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Labour Party membership is at a record high. Momentum now has more than 15,000 paid up members. There’s no question that this is a significant political movement. But is it really, as many of its advocates claim, a ‘social movement’? Jeremy Corbyn has expressed desire for the Labour Party itself to ‘become a social movement’. This is thinking along the right lines. But we need some clarity here, because the fact is that a movement and a party are just not the same kind of thing.
For example, the Green Party is a party: its job is to create and promote a political voice for the green movement. The green movement, on the other hand, is something much bigger and broader, and includes many people who are not members of the Green Party and who may never even have voted for it. The green movement is a political movement to the extent that it has a set of specific political and economic objectives, aimed at using governmental power to address the climate crisis and a range of other ecological issues.
Taking these distinctions further, the green movement is a social movement to the extent that it tries to change a broad set of social attitudes and power relations. This is necessary because green political objectives can only win public support by changing wider cultural attitudes towards issues of consumption, lifestyle and our relationships to the ‘natural’ world
From this perspective, I think there is a key question facing the British left. Do we merely want a political movement, one that tries to reverse the ‘austerity’ programme to which governments have been committed since 2010? Or do we want a social movement that would challenge the whole set of individualistic, inegalitarian ideas that have dominated our culture and society since the end of the 1970s?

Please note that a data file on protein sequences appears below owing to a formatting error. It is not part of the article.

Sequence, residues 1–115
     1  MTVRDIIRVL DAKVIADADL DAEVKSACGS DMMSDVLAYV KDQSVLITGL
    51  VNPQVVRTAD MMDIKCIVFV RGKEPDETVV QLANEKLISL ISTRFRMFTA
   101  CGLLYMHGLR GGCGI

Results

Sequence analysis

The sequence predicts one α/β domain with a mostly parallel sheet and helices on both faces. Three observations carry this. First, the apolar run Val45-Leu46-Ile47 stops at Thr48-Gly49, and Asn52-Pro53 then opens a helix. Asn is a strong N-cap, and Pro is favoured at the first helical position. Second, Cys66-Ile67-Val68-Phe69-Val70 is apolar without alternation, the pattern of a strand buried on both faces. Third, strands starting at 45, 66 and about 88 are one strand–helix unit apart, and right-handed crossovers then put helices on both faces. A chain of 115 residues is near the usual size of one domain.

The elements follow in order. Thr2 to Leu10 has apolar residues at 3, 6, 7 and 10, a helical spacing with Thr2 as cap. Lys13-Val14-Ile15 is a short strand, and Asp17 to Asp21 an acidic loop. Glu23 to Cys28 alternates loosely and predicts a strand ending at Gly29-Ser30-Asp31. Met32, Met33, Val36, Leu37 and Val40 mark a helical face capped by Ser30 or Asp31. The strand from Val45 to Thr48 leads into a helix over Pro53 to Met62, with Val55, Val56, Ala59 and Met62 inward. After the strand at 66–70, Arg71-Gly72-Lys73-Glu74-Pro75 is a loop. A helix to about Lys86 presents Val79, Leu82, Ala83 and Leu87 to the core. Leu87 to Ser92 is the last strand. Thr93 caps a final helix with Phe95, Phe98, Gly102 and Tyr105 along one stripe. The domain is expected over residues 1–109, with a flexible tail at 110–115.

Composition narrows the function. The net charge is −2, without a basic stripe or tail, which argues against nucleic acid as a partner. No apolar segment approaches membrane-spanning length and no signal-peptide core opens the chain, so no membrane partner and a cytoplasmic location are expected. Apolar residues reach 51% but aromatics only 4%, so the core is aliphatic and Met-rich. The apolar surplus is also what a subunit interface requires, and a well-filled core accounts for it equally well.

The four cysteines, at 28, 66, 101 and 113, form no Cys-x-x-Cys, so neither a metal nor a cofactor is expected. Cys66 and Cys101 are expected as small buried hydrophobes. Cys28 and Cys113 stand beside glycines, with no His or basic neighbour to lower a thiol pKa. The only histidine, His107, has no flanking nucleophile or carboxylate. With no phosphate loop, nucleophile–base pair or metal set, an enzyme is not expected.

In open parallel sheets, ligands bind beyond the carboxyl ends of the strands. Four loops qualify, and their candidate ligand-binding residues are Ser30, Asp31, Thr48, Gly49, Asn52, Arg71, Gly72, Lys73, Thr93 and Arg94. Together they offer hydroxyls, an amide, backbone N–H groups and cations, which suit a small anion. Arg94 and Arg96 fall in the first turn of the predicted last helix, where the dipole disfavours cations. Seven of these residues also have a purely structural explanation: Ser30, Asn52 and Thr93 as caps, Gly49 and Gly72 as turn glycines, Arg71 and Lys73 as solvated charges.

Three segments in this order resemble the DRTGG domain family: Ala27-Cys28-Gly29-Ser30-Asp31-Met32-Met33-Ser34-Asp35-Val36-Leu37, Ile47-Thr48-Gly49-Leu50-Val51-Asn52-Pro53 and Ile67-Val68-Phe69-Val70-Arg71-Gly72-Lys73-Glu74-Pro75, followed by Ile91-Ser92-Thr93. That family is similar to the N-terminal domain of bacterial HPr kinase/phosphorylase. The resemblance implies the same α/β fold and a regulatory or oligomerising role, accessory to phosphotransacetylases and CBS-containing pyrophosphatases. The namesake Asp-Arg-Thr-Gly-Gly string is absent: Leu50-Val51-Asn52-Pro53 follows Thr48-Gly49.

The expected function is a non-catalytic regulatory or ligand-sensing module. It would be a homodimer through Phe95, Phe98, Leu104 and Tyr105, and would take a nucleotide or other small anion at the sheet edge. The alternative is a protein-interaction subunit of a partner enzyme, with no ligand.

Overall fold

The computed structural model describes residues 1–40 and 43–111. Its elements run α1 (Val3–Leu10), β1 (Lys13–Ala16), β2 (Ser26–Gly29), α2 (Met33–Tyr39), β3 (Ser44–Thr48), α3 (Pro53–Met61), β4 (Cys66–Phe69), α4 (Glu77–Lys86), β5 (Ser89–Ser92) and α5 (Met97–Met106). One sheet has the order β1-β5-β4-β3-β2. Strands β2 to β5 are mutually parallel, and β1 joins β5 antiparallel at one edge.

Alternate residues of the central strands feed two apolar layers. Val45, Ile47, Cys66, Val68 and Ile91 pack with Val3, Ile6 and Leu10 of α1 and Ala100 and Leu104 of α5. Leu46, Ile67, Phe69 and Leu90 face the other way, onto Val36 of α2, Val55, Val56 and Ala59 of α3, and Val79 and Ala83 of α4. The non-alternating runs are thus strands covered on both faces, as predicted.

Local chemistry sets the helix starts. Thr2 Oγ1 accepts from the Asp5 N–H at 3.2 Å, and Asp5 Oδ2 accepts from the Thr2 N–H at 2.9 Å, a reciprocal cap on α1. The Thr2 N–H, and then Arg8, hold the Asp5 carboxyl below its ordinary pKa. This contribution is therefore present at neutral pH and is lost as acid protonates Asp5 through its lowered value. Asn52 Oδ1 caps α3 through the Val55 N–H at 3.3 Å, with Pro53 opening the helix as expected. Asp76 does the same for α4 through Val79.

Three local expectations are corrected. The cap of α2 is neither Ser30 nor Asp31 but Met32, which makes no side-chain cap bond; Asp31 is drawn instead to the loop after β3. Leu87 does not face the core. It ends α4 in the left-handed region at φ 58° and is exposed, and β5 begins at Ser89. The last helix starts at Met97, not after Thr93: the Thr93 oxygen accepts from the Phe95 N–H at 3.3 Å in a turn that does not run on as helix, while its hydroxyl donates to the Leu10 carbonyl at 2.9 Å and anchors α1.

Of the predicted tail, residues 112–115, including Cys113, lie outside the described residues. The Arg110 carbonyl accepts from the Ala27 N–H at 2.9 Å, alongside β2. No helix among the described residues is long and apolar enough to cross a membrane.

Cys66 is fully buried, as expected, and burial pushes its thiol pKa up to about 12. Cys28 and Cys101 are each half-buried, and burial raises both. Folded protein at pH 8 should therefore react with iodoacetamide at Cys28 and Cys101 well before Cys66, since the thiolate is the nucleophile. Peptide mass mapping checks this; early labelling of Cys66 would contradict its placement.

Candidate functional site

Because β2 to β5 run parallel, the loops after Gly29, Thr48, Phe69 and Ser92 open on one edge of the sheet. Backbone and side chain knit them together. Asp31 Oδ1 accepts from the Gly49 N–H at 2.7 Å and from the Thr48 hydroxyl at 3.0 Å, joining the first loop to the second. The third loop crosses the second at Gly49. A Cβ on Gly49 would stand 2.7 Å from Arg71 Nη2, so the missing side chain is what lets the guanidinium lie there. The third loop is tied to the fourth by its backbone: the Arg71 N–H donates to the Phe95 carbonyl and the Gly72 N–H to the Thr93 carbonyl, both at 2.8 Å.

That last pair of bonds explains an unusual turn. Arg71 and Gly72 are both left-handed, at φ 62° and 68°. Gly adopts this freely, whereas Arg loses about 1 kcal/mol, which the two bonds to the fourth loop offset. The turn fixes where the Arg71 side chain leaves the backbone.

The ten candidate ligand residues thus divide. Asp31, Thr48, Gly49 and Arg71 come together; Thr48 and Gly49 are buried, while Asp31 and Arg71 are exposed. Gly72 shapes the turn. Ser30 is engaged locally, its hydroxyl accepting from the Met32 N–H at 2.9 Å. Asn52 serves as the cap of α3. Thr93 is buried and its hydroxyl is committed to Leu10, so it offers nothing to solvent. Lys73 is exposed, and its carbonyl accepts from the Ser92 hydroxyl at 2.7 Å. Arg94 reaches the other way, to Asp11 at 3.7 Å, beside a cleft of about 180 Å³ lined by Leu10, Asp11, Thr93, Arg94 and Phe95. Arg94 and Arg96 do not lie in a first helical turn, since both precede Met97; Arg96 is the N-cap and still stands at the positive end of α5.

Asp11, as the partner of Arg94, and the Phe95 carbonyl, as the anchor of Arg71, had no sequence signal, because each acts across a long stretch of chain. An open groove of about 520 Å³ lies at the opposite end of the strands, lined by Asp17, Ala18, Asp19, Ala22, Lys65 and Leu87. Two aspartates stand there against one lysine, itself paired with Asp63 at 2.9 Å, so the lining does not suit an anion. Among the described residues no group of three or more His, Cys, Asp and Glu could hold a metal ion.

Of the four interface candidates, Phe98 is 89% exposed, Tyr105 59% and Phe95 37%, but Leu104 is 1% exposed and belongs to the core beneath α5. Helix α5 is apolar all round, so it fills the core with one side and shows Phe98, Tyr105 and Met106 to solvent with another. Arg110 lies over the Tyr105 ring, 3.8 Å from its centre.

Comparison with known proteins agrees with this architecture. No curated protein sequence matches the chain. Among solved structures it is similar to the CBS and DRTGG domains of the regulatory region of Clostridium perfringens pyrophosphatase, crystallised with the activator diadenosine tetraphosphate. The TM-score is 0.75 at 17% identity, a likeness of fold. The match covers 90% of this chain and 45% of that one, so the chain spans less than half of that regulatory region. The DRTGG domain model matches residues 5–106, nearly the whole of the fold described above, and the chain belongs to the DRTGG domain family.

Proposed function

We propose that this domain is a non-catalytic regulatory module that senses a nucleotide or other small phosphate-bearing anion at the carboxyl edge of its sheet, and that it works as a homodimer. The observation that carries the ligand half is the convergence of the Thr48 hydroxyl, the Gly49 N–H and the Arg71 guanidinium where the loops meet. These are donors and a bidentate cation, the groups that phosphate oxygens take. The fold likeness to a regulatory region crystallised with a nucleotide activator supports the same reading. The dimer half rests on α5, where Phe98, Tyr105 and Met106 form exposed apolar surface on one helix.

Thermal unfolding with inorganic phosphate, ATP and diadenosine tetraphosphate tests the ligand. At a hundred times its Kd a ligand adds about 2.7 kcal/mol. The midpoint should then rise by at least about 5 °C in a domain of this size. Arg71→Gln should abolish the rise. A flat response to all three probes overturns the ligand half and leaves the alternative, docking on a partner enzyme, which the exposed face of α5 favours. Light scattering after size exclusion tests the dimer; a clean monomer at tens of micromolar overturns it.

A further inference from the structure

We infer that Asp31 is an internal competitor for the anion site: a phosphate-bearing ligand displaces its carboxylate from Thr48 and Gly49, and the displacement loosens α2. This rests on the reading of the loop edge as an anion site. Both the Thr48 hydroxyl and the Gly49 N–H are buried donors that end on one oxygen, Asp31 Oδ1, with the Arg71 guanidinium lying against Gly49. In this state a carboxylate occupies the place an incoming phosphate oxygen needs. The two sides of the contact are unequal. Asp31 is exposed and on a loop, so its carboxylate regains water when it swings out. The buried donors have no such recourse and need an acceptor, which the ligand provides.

There are two key reasons why a political movement against austerity is not enough. The first is that the people Labour most needs to win over are not those who have been most directly hit by austerity. ‘Austerity’ basically refers to the programme of public spending cuts implemented by the coalition and Conservative governments after 2010. Its worst-hit victims have been those dependent on benefits, students, those working in local government and the public-sector workforce. Those who have experienced this as some new, specific kind of assault have typically been constituencies who were in relatively comfortable positions before 2010, such as the students who led the campaigns against changes to university fees in 2011.
The other constituency I am talking about has been given various names. They are the ‘left-behinds’, the victims of globalisation, the post-industrial working class. They are the people who are still suffering the long-term effects of the de-industrialisation of the 1980s. These people are not merely victims of post-2010 austerity. In fact, the communities in which they live have never recovered from the economic and political destruction wrought on them by Thatcherism. Austerity may have been bad for them, but they have mainly experienced it as a continuation of the same set of circumstances they have been living with since the 1980s, rather than as something new and specific.
The advance of liberal consumerist culture in recent times has not benefited these communities much. They do not have enough disposable income to buy their way to freedom, which is what members of more affluent social groups have been enabled to do. Cheap travel, flexible labour markets, easy credit and the wonders of digital communications are what have made life tolerable and exciting for many of us during this era. But for the ‘left-behinds’, those things have added up to lower wages, worse jobs or no jobs, and crippling levels of debt. They are suffering from not just six years of austerity but 40 years of neoliberalism.